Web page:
The global deployment of a Resource Public Key Infrastructure
(RPKI ) is one step towards securing the Internet routing
The RPKI allows the holder of a distinct IP prefix to authorize certain
autonomous systems (AS) to originate corresponding routes, which is
cryptographically verifiable through Route Origination Authorizations (ROAs)
that are stored in the RPKI.
RPKI enabled routers do not store such ROAs themselves, but only the validated
content of those.
To achieve high scalability as well as limit resource utilization on BGP
routers, the validation of ROAs is performed by trusted RPKI cache servers,
which are deployed at the network operator site.
The RPKI-RTR protocol defines a standard mechanism to maintain exchange of
the prefix origin AS relations between the cache server and routers.
In combination with a BGP prefix origin validation scheme a router is able to
verify received BGP updates without suffering from cryptographic complexity.
The RTRlib is a lightweight C library that implements the RPKI-RTR protocol for
the client end (i.e., routers) and the proposed prefix origin validation scheme.
The RTRlib provides functions to establish a connection to a single or multiple
trusted caches using TCP and SSH transport connections, and further allows to
determine the validation state of prefix to origin AS relations.
Fig. 1 shows a typical RPKI deployment, where trusted cache servers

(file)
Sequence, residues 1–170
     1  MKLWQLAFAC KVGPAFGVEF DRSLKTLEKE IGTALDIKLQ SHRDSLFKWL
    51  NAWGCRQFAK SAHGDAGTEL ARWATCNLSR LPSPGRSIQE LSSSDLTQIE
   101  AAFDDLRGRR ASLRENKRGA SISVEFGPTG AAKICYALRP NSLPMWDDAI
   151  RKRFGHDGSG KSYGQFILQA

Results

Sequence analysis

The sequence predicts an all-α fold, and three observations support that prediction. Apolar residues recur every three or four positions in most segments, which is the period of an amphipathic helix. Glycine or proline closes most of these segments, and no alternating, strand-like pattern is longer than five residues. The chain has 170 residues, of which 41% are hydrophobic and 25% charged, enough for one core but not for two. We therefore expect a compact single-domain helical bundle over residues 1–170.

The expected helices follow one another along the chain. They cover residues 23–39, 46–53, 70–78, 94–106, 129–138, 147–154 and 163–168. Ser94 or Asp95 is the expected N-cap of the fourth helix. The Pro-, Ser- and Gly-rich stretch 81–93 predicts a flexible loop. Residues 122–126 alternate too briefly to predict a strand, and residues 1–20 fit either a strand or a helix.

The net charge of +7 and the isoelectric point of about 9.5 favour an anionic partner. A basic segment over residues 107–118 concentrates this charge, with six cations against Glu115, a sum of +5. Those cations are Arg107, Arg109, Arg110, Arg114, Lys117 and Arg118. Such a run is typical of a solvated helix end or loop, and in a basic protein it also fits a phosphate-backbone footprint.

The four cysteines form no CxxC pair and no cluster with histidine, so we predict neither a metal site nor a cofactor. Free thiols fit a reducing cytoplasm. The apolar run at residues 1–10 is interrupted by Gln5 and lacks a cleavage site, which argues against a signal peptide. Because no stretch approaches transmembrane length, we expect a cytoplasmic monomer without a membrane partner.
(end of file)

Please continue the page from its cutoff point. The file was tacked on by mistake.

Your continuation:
collect ROAs from global RPKI repositories of the RIRs, such as RIPE and APNIC.
Each local RPKI cache periodically updates and verifies the stored ROAs, and
pushes the preprocessed data to connected RPKI enabled BGP routers using
the RTR protocol.
Fig. 1 Overview on a typical RPKI deployment, showing global RPKI repositories,
trusted cache servers, and RPKI enabled BGP routers.
Detailed insights on the implementation of the RTRlib and its performance can
be found in .
Further information is available in the standard specifications and
protocols in RFCs 6810  and 6811 , to which
the RTRlib complies.
Even more background material on BGP security extensions can be found in
|||M. Lepinski and S. Kent. An Infrastructure to Support Secure Internet Routing. RFC 6480, IETF, February 2012.|
|||R. Bush and R. Austein. The Resource Public Key Infrastructure (RPKI) to Router Protocol. RFC 6810, IETF, January 2013.|
|||P. Mohapatra, J. Scudder, D. Ward, R. Bush, and R. Austein. BGP Prefix Origin Validation. RFC 6811, IETF, January 2013.|
|||S. Bellovin, R. Bush, and D. Ward. Security Requirements for BGP Path Validation. RFC 7353, IETF, August 2014.|
|||Matthew Lepinski and Sean Turner. An Overview of BGPsec. Internet-Draft – work in progress 08, IETF, June 2016.|
|||Matthew Lepinski and Kotikalapudi Sriram. BGPsec Protocol Specification. Internet-Draft – work in progress 19, IETF, November 2016.|